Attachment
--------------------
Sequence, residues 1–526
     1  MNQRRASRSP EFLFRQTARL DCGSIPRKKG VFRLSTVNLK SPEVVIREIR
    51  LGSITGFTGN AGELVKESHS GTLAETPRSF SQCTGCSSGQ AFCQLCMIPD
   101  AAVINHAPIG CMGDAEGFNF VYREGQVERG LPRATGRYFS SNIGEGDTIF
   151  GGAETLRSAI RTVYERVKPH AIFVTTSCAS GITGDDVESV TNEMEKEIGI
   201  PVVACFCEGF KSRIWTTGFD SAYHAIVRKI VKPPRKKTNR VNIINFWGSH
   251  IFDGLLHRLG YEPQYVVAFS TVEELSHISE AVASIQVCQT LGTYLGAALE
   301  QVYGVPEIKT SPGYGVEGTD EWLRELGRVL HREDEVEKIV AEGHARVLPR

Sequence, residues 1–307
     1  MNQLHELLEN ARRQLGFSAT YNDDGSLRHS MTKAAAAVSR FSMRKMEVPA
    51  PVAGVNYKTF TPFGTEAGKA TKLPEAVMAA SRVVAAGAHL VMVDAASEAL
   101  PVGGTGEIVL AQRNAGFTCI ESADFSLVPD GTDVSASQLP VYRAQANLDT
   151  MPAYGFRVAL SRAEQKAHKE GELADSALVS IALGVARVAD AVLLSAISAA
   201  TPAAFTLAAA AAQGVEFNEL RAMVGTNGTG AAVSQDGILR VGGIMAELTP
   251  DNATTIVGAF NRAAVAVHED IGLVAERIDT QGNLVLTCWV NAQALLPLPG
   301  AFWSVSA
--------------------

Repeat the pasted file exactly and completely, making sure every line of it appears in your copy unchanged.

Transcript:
Sequence, residues 1–526
     1  MNQRRASRSP EFLFRQTARL DCGSIPRKKG VFRLSTVNLK SPEVVIREIR
    51  LGSITGFTGN AGELVKESHS GTLAETPRSF SQCTGCSSGQ AFCQLCMIPD
   101  AAVINHAPIG CMGDAEGFNF VYREGQVERG LPRATGRYFS SNIGEGDTIF
   151  GGAETLRSAI RTVYERVKPH AIFVTTSCAS GITGDDVESV TNEMEKEIGI
   201  PVVACFCEGF KSRIWTTGFD SAYHAIVRKI VKPPRKKTNR VNIINFWGSH
   251  IFDGLLHRLG YEPQYVVAFS TVEELSHISE AVASIQVCQT LGTYLGAALE
   301  QVYGVPEIKT SPGYGVEGTD EWLRELGRVL HREDEVEKIV AEGHARVLPR

Sequence, residues 1–307
     1  MNQLHELLEN ARRQLGFSAT YNDDGSLRHS MTKAAAAVSR FSMRKMEVPA
    51  PVAGVNYKTF TPFGTEAGKA TKLPEAVMAA SRVVAAGAHL VMVDAASEAL
   101  PVGGTGEIVL AQRNAGFTCI ESADFSLVPD GTDVSASQLP VYRAQANLDT
   151  MPAYGFRVAL SRAEQKAHKE GELADSALVS IALGVARVAD AVLLSAISAA
   201  TPAAFTLAAA AAQGVEFNEL RAMVGTNGTG AAVSQDGILR VGGIMAELTP
   251  DNATTIVGAF NRAAVAVHED IGLVAERIDT QGNLVLTCWV NAQALLPLPG
   301  AFWSVSA